Armyworm

Armyworm numbers rising

Armyworm numbers rising

This week’s armyworm update from UCCE Rice Advisor Luis Espino indicates a spike in the number of moths caught in pheromone traps at several locations. This means it’s important for growers to closely monitor their fields.

In areas with armyworms, moths are flying, mating and laying eggs. Under this scenario, large larvae could be present in about two weeks. Larvae feed on rice panicles and cause broken branches with blank kernels.

Click here for the latest information on the armyworm, including when treatment is recommended.

More Armyworm Stories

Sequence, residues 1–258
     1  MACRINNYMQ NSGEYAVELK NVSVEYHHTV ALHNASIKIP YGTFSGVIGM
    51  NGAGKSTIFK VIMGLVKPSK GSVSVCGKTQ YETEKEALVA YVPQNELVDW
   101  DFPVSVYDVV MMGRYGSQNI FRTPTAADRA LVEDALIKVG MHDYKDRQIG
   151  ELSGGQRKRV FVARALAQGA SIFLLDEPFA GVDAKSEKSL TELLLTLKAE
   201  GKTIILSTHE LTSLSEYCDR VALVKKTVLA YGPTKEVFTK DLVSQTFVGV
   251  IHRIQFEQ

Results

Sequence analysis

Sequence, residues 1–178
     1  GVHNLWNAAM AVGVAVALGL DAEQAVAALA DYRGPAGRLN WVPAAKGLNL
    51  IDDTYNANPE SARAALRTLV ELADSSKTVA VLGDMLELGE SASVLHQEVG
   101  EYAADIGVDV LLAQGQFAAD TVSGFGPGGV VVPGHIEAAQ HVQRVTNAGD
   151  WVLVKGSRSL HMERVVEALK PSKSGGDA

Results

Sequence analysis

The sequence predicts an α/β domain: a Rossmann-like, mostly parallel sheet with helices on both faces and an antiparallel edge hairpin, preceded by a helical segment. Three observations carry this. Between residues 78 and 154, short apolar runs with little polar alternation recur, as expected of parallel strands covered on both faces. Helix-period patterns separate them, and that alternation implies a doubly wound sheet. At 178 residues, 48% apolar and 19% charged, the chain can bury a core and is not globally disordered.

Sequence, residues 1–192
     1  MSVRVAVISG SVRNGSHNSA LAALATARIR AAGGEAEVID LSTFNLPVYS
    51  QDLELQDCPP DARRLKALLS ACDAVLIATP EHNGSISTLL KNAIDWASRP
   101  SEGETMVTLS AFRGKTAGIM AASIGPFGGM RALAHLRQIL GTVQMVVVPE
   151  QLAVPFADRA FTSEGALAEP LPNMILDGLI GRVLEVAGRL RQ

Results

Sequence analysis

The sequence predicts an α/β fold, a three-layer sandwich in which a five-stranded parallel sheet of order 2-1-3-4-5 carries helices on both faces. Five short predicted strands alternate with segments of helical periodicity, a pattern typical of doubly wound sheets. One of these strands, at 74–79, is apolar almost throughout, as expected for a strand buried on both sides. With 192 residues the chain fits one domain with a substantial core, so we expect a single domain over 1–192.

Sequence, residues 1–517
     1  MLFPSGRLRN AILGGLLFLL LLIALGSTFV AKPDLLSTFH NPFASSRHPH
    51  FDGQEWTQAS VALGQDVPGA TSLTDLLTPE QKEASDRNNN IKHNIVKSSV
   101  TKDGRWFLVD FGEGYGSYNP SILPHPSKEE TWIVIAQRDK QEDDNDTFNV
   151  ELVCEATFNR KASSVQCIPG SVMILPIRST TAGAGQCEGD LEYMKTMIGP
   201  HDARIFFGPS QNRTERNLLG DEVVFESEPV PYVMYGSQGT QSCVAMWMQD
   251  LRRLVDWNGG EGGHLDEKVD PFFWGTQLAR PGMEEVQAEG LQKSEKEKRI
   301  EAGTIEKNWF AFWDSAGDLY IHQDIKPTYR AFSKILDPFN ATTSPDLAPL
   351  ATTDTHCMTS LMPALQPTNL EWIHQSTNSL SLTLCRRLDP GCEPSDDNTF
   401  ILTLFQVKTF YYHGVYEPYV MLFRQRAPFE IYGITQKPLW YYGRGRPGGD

Updating the Armyworm Fight

Updating the Armyworm Fight

By Luis Espino, UCCE Rice Farming Systems Advisor

By this time last year, we were seeing the peak of moth flight, with about 18 true armyworm moths per night, and almost no western yellostriped armyworm moths. This year, true armyworm moths are below 10 per night, except for a couple of locations in Glenn County. If we are going to experience an increase in flight, it might come in the next two weeks. 

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2019 Armyworm Trapping

2019 Armyworm Trapping

By Luis Espino, UCCE Rice Farming Systems Advisor

Looks like the number if moths we are catching is staying low, except for a couple of locations. By this time last year, we were averaging 18 moths per night, mostly all true armyworm. This year, we are not catching more than 10 per night, and in some cases the majority are western yellowstriped armyworm. I have not heard of heavy infestations on headed rice yet.

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